My goal is to publish new posts twice a week — Mondays and Thursdays. However, if you don’t see a new post on Thursday, it’s because I was too busy, so please look for a new one the following Monday.
Christie’s held their Interiors sale last week, December 11-12, 2013. I last wrote about a couple of interesting French lots in the sale. Today’s post will be about two very curious American lots from the same sale. They’re both interesting, but for very different reasons. Let me explain.
Lot #254 was a rare and very desirable Tiffany Favrile vase, but not exactly this example. You see it was only half a Tiffany vase. Someone, sometime, in its history decided to re-carve the vase into an amusing shape. It’s hard to believe this was done at the factory, so the best explanation is that someone took a seriously damaged vase and became very creative. The workmanship involved in cutting the vase was expert. Christie’s didn’t even think it was an authentic Tiffany Favrile vase, so they called it “AN AMERICAN CLEAR AND COLORED CAMEO GLASS VASE, SIGNED IN ETCH ‘L.C. TIFFANY-FAVRILE’, EARLY 20TH CENTURY”. In fact, if it were complete, it was a killer example. The color was much better than usual and the grape clusters were bigger. Even with the creative carving, it realized $3,125, including the buyer’s premium, against a pre-sale estimate of $1,500 – $2,000.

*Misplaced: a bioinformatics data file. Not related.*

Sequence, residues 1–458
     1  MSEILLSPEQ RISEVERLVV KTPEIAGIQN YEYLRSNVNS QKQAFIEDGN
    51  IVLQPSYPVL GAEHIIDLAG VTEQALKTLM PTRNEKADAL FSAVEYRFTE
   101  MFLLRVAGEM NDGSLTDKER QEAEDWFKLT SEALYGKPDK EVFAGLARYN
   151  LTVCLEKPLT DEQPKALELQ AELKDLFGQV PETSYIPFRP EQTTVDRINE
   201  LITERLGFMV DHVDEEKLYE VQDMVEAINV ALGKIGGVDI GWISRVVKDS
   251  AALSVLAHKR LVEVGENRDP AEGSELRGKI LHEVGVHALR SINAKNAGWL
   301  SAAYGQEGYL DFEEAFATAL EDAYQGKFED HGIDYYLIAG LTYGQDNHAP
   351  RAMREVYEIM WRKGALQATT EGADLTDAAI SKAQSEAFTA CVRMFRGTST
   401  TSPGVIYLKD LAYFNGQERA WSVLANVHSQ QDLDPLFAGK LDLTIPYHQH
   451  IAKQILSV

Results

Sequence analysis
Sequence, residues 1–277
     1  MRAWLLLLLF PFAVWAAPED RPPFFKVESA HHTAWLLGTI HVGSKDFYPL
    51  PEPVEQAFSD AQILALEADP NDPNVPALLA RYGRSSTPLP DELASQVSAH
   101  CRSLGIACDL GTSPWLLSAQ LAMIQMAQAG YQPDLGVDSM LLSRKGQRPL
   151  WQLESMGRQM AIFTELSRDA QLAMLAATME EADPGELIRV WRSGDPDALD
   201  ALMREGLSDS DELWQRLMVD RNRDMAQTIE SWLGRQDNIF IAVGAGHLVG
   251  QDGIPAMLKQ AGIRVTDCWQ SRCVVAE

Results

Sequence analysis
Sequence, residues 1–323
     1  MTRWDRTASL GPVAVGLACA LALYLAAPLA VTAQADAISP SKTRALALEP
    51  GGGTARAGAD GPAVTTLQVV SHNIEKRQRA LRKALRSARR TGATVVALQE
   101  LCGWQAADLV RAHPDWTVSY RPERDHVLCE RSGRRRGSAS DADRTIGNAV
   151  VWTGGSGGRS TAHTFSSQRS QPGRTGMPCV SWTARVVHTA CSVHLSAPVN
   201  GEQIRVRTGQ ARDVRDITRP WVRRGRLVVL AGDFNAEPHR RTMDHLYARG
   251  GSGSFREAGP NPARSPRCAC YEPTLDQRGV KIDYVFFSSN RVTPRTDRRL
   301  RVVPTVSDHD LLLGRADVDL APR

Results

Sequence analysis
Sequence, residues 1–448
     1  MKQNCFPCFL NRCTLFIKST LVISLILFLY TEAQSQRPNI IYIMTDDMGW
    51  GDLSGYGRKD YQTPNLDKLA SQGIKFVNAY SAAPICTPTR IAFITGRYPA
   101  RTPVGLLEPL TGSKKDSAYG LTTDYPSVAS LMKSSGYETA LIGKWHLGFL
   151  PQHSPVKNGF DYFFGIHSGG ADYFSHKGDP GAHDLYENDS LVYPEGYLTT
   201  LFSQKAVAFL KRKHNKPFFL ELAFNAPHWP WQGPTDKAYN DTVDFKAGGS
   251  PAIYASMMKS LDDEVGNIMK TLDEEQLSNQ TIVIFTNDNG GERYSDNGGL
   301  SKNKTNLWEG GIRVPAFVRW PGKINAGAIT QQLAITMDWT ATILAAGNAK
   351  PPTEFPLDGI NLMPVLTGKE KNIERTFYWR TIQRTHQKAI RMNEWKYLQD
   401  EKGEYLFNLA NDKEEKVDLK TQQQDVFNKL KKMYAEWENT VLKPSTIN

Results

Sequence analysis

Lot #463, a Pairpoint Hummingbird & Roses puffy table lamp, wasn’t quite as amusing, but still interesting. Why was the lamp photographed with the shade on the table? Take a look at the spider arms. They’re upside-down, so the shade couldn’t possibly rest on the arms. That tickles me. This was another lot that I had hoped to sneak up on. The shade was the larger of two versions, 16″ in diameter, with no chips and a very desirable green background. BUT, I didn’t bid one penny for it. Upon inspection, the interior paint was peeling off the roses — a very rare occurrence. How disappointing! The lamp failed to sell, even with a very fair estimate of $4,000 – $6,000 and a likely reserve of half the low estimate, or $2,000. The paint peeling was subtle, so it probably wouldn’t have been detected in a condition report. This is one bullet I dodged by viewing the item in person.
For the complete results of the sale, click here.
We’ll be busy buying for the next several weeks in anticipation of the important Florida shows, starting with the Miami National Antiques Show on January 24, 2014. We’ll end our winter schedule with the wonderful Grove Park Inn Arts & Crafts Conference, February 21 – 23, 2014. We last exhibited there a few years ago and couldn’t exhibit again because of scheduling conflicts. This year there were no conflicts, so we’re happy to return. It will immediately follow the important Palm Beach Antiques Show.
Click here to view my new website and look around. We always strive to offer the finest objects for sale on our website and at every show. There are many items for sale, sold items with prices and free lessons about glass and lamps